June 23--JACKSON -- The twists and turns that have defined the Republican primary for U.S. Senate are expected to come to an end when voters go the polls Tuesday to decide between six-term incumbent Thad Cochran and state Sen. Chris McDaniel, a Tea Party favorite.
As the runoff election nears its conclusion, both candidates were busy criss-crossing the state. McDaniel spent much of the weekend at events in Northeast Mississippi.
Arizona Sen. John McCain will be on the Gulf Coast and in Jackson during the final days campaigning for the incumbent. Apparently, the two Senate colleagues have resolved any differences they had when Cochran famously said in 2008 the thought of McCain as president "sends a cold chill down my spine."
Former Southern Mississippi quarterback and Green Bay Packers great Brett Favre, and most of the state's Republican elected leadership also are campaigning for the 76-year-old Cochran.
Most of McDaniel's support from elected Republicans is coming from a handful of state legislators, and out-of-state politicians, such as former Alaska Gov. Sarah Palin, who also was McCain's nominee for vice president in 2008.
Former Gov. Haley Barbour, who has helped form a political action committee in support of Cochran, said it was interesting to him that McDaniel's support was from out-of-state groups.
"The people who care about and love Mississippi and understand and want to focus on its interests and future -- they are all for Cochran," said Barbour who spent Friday calling media to tout Cochran and explaining why he thinks the incumbent will win on Tuesday.
McDaniel, a second-term state senator, stunned many by capturing about 1,400 more votes than Cochran did in the June 3 first primary. But McDaniel was 3,436 votes short of the majority needed to avoid a runoff. Little-known Thomas Carey of Hernando received 4,854 votes to force a runoff between Cochran and McDaniel.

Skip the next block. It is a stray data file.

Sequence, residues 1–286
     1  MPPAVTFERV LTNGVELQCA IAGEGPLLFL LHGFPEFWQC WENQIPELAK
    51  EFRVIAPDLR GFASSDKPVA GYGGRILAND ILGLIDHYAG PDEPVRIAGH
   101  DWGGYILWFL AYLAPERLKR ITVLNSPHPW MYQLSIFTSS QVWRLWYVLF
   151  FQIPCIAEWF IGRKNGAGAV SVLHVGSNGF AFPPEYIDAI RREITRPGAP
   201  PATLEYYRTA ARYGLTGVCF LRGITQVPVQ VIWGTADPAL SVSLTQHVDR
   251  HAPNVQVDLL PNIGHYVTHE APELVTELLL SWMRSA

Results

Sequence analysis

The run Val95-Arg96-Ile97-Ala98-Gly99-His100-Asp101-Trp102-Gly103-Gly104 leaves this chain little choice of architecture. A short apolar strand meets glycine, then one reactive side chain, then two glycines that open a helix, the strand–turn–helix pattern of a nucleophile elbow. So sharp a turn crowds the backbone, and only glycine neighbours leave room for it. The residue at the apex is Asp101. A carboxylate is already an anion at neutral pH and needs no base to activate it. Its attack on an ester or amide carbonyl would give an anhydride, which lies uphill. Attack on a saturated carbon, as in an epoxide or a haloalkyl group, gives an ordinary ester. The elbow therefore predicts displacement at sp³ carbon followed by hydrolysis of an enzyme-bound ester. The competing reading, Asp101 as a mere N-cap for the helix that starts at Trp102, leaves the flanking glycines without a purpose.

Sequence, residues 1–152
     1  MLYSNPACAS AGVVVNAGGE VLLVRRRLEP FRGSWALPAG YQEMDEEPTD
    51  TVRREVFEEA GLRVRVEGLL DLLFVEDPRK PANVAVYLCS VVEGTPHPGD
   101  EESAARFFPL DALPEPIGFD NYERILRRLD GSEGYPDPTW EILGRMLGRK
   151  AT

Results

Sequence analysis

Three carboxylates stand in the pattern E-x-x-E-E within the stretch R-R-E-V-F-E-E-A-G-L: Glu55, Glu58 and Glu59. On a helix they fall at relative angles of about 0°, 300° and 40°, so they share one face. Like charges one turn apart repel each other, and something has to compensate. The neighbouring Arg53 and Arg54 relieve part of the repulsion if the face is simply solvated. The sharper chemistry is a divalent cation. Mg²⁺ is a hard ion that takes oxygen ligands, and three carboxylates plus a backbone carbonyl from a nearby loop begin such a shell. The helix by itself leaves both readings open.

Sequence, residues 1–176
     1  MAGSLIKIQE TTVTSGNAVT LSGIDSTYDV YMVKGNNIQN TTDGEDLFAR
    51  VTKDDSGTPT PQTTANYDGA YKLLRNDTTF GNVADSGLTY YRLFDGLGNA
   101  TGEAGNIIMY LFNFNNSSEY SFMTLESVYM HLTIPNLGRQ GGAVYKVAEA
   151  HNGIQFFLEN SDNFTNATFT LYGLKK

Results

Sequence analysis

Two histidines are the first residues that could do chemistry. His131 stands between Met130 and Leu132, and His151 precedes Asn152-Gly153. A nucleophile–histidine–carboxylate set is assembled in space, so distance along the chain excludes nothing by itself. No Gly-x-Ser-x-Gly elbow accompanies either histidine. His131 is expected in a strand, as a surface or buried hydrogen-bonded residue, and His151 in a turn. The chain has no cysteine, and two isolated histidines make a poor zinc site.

Barbour remained insistent Friday that the runoff will result in more people going to the polls than the June 3 turnout of 318,902, which represented a record vote for a Republican primary in Mississippi. It would be a rarity for more people to return to the polls for the runoff.
But the former governor said turnout would be up because more people now are concerned about McDaniel's statements that the federal government should not be helping to fund education, saying that was a local and state funding issue, and people are concerned about what could happen to military bases and defense-related businesses in the state should Cochran be defeated.
Cochran is in line to chair the Appropriations Committee should the Republicans gain control of the Senate in November. Barbour downplayed efforts by his political action committee and other groups to try to recruit Democrats, specifically African-Americans, to cross over and vote for Cochran in the Republican runoff Tuesday.
He predicted some African-Americans, especially those concerned about public education in Mississippi, would. Other Cochran supporters have not tried to deny the fact that are trying to attract African-Americans to vote for Cochran.
State Sen. Melanie Sojourner of Natchez, who is managing McDaniel's campaign, said in an email Friday the actions of Cochran's supporters indicates they are panicking.
"The Republican establishment is panicking, which only means one thing -- they know that Chris is poised to win this race," she wrote. She added, "The insider politicians in Washington are finally coming to realize what you and I have known all along -- Mississippians are ready to elect Chris McDaniel to be our next U.S. senator."
McDaniel has accused Cochran of supporting policies that have contributed to the nation's debt.
According to various sources, more than $13 million has been spent by the candidates and various third-party groups. Cochran has far outspent McDaniel in terms of money raised by his campaign. But various Tea Party-related national groups have spent funds in support of McDaniel or in opposition to Cochran.
Various polls indicate the election is close with most observers admitting it is difficult to gauge the runoff -- especially since the state has never had such a hotly contested runoff on the Republican side.
The polls will be open from 7 a.m. until 7 p.m.
The winner will face Democratic nominee Travis Childers of Booneville in the November general election.
(c)2014 the Northeast Mississippi Daily Journal (Tupelo, Miss.)
Visit the Northeast Mississippi Daily Journal (Tupelo, Miss.) at www.nems360.com
Distributed by MCT Information Services
Original headline: Hotly contested runoff near end
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